• So I searched this site for posts relating to flea/tick medicine but still haven't found the answer to a question that I have. I just moved down to NC where the fleas are supposed to be really bad in the summer. I am really concerned about putting a topical medicine on my B's necks. They play rough and have a tendency to grab each other by the back of the neck when playing (don't worry, it sounds worse then it is!). I'm worried about them getting toxins in their mouth. Sounds like most people use a topical solution, has anyone had any problems occur because of this? Maybe I'm being an overprotective worry-wort. :o I just want to do what's best for my furkids.


  • The topical I have been using is Frontline. I have not had any problems with Dallas after using it & I have been applying it monthly. However, I have still found a couple fleas on him so for $30/month I'm not sure it's worth the money to me at this point…


  • I have never had any problem with the topical meds, and I have 4 at home the drag each other around…

    And Ninabeana.... $30? Wow.... that is outrageous.. I have never paid that much for Frontline. Have you looked at PedMeds? Medium size Frontline for 6 months is 14+ a month with free shipping


  • I sometimes worry about that too, so apply the meds when I know they aren't going to be playing with each other for a bit…usually after their long walk when they like they like to nap.


  • @tanza:

    I have never had any problem with the topical meds, and I have 4 at home the drag each other around…

    And Ninabeana.... $30? Wow.... that is outrageous.. I have never paid that much for Frontline. Have you looked at PedMeds? Medium size Frontline for 6 months is 14+ a month with free shipping

    That was when I bought it straight from the vets office but you know my issues with Dallas' vet anyway. I don't trust the guy nor like how pushy he is. Anyway, like I said, I moved to MD last weekend & am currently looking for a new vet since Dallas is getting the big snip within the next 2 months…hopefully this one will be less expensive & just all around better...


  • @Ninabeana26:

    That was when I bought it straight from the vets office but you know my issues with Dallas' vet anyway. I don't trust the guy nor like how pushy he is. Anyway, like I said, I moved to MD last weekend & am currently looking for a new vet since Dallas is getting the big snip within the next 2 months…hopefully this one will be less expensive & just all around better...

    You can still most likely get it cheaper if you ask them for the scrip… by law they must give it to you if you ask... you do not have to buy from them...


  • We had a really TERRIBLE experience with Advantix. Lexi had a neurologic reaction to the ointment placed on her neck. She started donkey kicking out of no where… it was really scary.

    Of course there will be people who don't have any problems with products- and that's great. But if your dog is having problems after having used Advantix-- chances are that IT is the problem. A quick google search for Advantix Side Effects will bring up a list of user complaints.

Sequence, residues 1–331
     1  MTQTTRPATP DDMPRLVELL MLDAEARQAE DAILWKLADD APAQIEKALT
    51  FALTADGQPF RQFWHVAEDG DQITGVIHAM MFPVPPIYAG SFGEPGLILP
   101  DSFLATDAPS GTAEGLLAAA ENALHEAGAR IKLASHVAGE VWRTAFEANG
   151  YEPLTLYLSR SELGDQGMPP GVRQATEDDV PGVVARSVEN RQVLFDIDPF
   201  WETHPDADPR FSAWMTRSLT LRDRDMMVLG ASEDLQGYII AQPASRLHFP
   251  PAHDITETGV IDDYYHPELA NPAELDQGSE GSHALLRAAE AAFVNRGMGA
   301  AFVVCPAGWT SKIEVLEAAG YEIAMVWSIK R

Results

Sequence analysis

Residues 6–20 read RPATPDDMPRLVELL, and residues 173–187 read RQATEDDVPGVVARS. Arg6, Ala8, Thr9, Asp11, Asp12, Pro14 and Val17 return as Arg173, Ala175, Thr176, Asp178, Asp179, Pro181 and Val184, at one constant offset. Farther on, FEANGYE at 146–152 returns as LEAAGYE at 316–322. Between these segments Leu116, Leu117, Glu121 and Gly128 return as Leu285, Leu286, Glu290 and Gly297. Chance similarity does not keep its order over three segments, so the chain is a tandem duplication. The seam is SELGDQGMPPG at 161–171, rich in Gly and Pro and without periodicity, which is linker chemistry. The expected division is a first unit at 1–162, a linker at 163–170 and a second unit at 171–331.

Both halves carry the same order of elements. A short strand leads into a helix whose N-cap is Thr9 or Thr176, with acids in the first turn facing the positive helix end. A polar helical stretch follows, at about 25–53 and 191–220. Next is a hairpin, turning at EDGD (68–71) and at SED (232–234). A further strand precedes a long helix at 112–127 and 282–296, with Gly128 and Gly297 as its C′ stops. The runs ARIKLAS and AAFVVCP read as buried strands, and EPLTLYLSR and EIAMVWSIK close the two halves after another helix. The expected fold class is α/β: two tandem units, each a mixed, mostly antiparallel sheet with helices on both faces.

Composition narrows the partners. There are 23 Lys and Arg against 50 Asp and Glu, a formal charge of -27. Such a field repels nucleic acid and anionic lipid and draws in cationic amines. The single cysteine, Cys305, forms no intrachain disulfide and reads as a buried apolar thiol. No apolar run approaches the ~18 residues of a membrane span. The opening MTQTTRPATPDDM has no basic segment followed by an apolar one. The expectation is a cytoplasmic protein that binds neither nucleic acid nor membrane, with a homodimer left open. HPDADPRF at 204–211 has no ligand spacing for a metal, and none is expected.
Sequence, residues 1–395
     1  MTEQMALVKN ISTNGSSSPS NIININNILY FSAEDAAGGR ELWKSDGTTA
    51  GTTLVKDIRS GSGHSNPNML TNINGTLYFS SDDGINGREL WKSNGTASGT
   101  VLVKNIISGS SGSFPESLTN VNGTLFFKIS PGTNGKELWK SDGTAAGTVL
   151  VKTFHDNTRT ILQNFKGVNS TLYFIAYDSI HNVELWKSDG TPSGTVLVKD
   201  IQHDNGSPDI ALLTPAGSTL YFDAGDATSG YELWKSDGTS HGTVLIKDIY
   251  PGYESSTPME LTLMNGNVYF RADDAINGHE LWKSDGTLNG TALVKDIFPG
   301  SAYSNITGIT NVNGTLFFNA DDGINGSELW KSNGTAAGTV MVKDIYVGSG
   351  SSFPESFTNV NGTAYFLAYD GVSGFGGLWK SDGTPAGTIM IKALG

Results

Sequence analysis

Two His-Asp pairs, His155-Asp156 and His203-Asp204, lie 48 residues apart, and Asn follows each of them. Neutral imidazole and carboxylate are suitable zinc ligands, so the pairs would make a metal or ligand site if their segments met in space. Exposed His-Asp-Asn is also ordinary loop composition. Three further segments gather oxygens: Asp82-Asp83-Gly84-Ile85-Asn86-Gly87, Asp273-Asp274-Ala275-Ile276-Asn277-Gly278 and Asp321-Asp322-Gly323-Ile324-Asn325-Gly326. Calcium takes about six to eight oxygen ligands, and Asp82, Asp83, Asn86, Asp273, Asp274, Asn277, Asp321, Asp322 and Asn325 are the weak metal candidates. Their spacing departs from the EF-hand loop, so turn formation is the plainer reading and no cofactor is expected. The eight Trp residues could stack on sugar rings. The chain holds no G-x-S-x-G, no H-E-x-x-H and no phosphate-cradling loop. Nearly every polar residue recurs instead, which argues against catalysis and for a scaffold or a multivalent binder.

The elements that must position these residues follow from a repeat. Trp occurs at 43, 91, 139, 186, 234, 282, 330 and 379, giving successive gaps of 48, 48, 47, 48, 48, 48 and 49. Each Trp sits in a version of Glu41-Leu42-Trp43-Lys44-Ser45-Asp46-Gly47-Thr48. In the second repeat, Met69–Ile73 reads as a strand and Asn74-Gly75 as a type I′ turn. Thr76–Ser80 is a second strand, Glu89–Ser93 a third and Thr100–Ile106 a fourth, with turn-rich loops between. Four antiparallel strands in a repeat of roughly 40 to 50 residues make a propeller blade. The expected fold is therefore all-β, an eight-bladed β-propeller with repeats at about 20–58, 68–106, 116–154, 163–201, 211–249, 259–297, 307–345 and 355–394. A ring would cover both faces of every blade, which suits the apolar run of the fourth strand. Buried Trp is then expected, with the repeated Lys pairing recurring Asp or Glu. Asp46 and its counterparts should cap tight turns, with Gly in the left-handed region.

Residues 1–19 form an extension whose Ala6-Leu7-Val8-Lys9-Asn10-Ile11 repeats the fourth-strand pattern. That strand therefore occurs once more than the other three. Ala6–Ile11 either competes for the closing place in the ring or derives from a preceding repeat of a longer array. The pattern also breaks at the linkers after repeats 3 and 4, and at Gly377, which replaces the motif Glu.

http://www.google.com/search?hl=en&q…oogle+S earch

    And if your dog has similar symptoms to the ones listed, I would definitely recommend stopping the use of the product immediately.


  • A really common mistake that people make with Frontline that severely cuts down on its effectiveness is that they bathe the dog just prior to applying the product. In order for Frontline to work properly a dog should not be bathed 72 hours prior to application nor 72 hours after application. Frontline depends on the dog's natural skin and coat oils to disperse properly and since bathing carries these away it will great reduce the effectiveness.

    We usually apply it in the evening after they are beginning to wind down so that they have a good 10-12 hours of quiet time for the product to absorb before they begin rough housing again.


  • @lvoss:

    A really common mistake that people make with Frontline that severely cuts down on its effectiveness is that they bathe the dog just prior to applying the product. In order for Frontline to work properly a dog should not be bathed 72 hours prior to application nor 72 hours after application. Frontline depends on the dog's natural skin and coat oils to disperse properly and since bathing carries these away it will great reduce the effectiveness.

    We usually apply it in the evening after they are beginning to wind down so that they have a good 10-12 hours of quiet time for the product to absorb before they begin rough housing again.

    This is what we do too. Or make sure that each treated dog spends an hour or so in the crate so the product can dry. Once it is dry, it shouldn't migrate to anything else.


  • While the product is drying, hold pets apart. You don't want them brushing each other and ingesting the toxin.
    Some of the ways of doing that are:

    1. Keep your pets in the separate rooms
    2. Take the ones who are treated to a different homes for a time being
    3. Use their sleeping time wisely for the treatment purpose.

    Apart from these:

    1. You will need to wash hands after the application
    2. Vacuum carpets, cushioned beds, baseboards, and the basement on a regular basis. After each use, discard the vacuum bag or thoroughly wash the canister.
    3. Steam-clean your home on a regular basis, especially in areas where your dog sleeps.
    4. Wash pet and human bedding every two or three weeks at the very least.

    Or you can opt for chews like NexGard Spectra, Capstar, Bravecto which need not require pets to stay away from each other.


  • Nexgard fan I personally do not like topical meds.

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